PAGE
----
Bored of digital transformation? It could save the NHS
The technology trade association TechUK has launched a 2019 manifesto calling for renewed emphasis on digital transformation efforts in government. The manifesto recommends that all government departments should appoint a minister solely responsible for the continuation of digital transformation projects. These appointments, the manifesto pronounces, will “ensure [that] the momentum of transformation is relentless.”
In the age of Brexit, digital transformation hasn’t played a big part at previous elections. But when applied to the NHS, it quickly becomes an important topic. The ability of digital transformation processes to boost staff productivity and streamline workflows is well documented and can play a huge role in improving healthcare services across the world.
One of the big arguments for digital transformation in all industries is that its processes will liberate employees from mundane work, freeing up time that can be better applied to more worthwhile or complex tasks. In industries such as insurance, this might involve improving your customer service; in healthcare, it could save a patient’s life.
The role of digital transformation in healthcare
By using sophisticated document capture technology, for example, hospital staff can collate extensive patient records from a wide variety of sources all in one electronic format, creating greater visibility of patient history. From doctors’ notes to lab results to discharge summaries, this technology equips staff with a more complete view of each patient and affords them quick and easy retrieval of information.
Cutting down the time spent on arduous and repetitive administrative jobs is often one of the most significant objectives of digital transformation. In a hospital environment, this will allow staff to focus their efforts on the more personal aspects of care – spending important time with patients and understanding their needs.
New technology can also help eradicate the labour-intensive administration of the referrals process. To give an indication of the volume of referrals dealt with by the NHS, the organisation’s own statistics state that every day between 2017-2018, there was an average of 5,300 urgent GP referrals for cancers alone.
Meeting the NHS’s referral to treatment targets, which is committed to providing patients with consultant-led treatment within 18 weeks of referral by their GP, is consistently made difficult by the manual entry of data into digital systems, which takes up huge amounts of valuable staff time.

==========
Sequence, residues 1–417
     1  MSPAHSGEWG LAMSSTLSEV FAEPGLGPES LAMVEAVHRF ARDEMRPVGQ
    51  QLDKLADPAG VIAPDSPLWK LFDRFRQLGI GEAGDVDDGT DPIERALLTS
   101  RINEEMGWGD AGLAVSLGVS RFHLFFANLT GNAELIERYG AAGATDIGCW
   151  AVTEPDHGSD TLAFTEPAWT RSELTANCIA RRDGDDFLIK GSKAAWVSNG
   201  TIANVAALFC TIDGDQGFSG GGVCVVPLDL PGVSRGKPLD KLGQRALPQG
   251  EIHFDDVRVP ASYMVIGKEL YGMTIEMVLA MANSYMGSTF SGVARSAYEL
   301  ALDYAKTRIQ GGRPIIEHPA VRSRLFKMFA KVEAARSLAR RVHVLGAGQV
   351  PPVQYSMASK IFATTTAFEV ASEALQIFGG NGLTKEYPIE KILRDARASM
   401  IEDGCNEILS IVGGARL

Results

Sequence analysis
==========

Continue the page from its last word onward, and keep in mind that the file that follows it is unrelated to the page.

With investment in digital transformation projects, these administrative hindrances would soon become a thing of the past, connecting patients to staff quickly and efficiently.
From digital transformation to robot surgeons: the current state of play
In all healthcare systems, radical new technologies are frequently being introduced. In Canada, a robot was used to assist in brain surgery for the first time, while developments in 5G and extended reality are paving the way for unprecedented simulation training and remote treatment of patients.
Digital transformation addresses the core of IT systems, so it doesn’t have the same ability to grab headlines as the more futuristic examples above. However, without updating their basic infrastructure, hospitals will be unable to add on the exciting new technology tools that they need in the 21st century.
For example, we know that machine learning (ML) and artificial intelligence (AI) technologies feed off masses of data sets. The more data there is to consume, the more effective these tools become – and the healthcare system has an abundance of data sources, lending itself perfectly to the application of ML and AI.
But in order to get the most from these technologies, that data must first be organised appropriately. Like in other industries, it’s the behind-the-scenes digital processes that make a real difference in data capture and management.
ML and AI’s capacity to help identify diseases and diagnose patients will change the lives of staff and patients alike – and these capabilities are on the horizon in the healthcare sector. For them to do so, however, they must first have the ability to quickly process, classify and store data all in one place.
Looking to the future
A new arm of the NHS, called NHSx, was set up earlier this year to maintain digital transformation momentum in the Department for Health and Social Care. Its purpose is to improve the sector by giving hospital staff access to the technology they need.
The future of healthcare will rely on new, data-driven technology. By implementing digital transformation processes, and replacing the archaic administration procedures still at play in many healthcare organisations, our hospitals will become better prepared to deal with the challenges presented by running a modern healthcare service – one that benefits patients and staff in equal measure.
By James Adie, Vice President of EMEA sales, Ephesoft